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The turn came and it wasn't a five - then someone pipes up and says "he's drawing dead". Believe me, you never want to hear that when you're in a showdown! I looked over as he said something in Russian to his buddy - another violation of tournament rules, as everyone is compelled to speak English at tournament table. It wouldn’t matter, as he stood up, grabbed his jacket and left after receiving some consolation from his friend.
His older friend glared over at me and uttered something derogatory in Russian. I had no clue what he said, but I knew from his tone that I didn't like it. I also knew I'd gotten under his skin by taking down his buddy and raking in all of his chips. I responded with "what's that, I don't understand what you're saying since you're not speaking English?” loudly so everyone at table could hear me.
He mumbled something about his friend...I smiled and said politely with a smile "I deliberately laid that trap for your friend and he fell right into it!", pushing knife in deeper, knowing he'd be gunning for me anyway - might as well make sure my next trap was fully set. This also signaled to everyone else at table that whenever I checked or limped, it could be extremely dangerous if assumed to be a sign of weakness - something I’d leverage later as blinds and antes rose and proper time to bluff and steal blinds actually arrived.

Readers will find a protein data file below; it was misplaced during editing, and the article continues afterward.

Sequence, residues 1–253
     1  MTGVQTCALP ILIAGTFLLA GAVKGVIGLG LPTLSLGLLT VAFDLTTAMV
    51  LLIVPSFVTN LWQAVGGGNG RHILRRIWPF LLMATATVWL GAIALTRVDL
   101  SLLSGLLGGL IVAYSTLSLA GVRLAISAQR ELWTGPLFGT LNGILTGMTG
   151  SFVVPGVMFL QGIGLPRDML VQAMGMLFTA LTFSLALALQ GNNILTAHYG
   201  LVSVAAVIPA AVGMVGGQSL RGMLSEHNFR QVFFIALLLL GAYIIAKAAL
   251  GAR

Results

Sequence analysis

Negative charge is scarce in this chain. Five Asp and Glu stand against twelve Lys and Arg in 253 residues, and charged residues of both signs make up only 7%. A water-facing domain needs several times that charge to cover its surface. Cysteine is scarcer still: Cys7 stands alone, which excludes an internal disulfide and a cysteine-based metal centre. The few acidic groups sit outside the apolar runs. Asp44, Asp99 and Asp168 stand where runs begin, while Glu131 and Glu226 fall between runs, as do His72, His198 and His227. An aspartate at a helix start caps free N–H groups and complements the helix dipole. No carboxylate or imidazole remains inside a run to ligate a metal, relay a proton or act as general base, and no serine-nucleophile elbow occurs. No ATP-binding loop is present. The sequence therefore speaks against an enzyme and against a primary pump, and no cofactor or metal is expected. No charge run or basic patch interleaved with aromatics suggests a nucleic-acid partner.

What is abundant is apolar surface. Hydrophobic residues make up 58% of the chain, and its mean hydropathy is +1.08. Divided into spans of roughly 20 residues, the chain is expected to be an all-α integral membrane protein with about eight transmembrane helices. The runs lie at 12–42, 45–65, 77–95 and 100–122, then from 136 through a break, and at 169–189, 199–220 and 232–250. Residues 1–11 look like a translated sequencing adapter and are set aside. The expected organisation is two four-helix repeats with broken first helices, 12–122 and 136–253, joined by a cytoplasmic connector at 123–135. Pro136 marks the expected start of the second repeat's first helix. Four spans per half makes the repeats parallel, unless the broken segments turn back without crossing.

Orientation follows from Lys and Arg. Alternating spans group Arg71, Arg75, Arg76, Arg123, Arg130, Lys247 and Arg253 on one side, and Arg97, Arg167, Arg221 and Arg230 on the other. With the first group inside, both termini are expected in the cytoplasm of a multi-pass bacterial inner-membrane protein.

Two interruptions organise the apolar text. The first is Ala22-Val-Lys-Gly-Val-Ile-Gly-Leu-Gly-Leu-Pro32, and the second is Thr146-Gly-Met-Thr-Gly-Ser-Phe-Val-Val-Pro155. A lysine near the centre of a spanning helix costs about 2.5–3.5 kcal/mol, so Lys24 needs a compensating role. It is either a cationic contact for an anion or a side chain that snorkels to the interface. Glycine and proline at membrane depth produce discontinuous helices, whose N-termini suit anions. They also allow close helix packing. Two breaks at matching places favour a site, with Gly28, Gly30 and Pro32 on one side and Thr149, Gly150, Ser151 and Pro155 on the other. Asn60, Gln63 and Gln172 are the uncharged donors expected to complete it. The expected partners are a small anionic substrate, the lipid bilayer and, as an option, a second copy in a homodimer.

After a slight pause, my Russian friend noticed that everyone was now looking at him. He looked down at his chips and said "nice play" with a reluctantly polite tone.
Boy, I was elated! My battle plan was definitely becoming field-proven here - and my next target was clearly sighted. It had taken careful observation, planning and a lot of patience to wait for right hand, and then play it correctly to take this highly-skilled, aggressive player out and rake in all of his chips.
About ten minutes later, it was tournament break time, after two hours of play. I counted my chips, which totaled 14,900 (we started with 5,000 each), then grabbed a quick bite to eat, reflecting on what had just taken place.
Within ten minutes of returning from break, I finally picked up a serious starting hand: Cowboys (KK). I knew it was time for my new Russian friend and me to tango, so I fired out a bet of 3 times big blind: 3,000 chips, bait that I was sure he couldn’t turn down. Sure enough, he bit - big time. His all-in raise came almost instantaneously, before I could even get my bet onto table. He was totally ready to engage, and had been laying in wait for me - just like I had planned. I had set him up by taking out his friend and then challenging his poker ego in front of everyone. He just had to retaliate against me – it was a totally predictable “full-tilt” response from this kind of player.
This is what game of poker is really all about – having a well-defined strategy, patience to wait for right hand, and then executing properly. It’s what makes poker a game of strategy instead of a game of chance (for some of us).
He raised by going all-in with around 8,000 chips to my roughly 14,000. I quickly called his all-in bet. Everyone else quickly folded and got out of our way.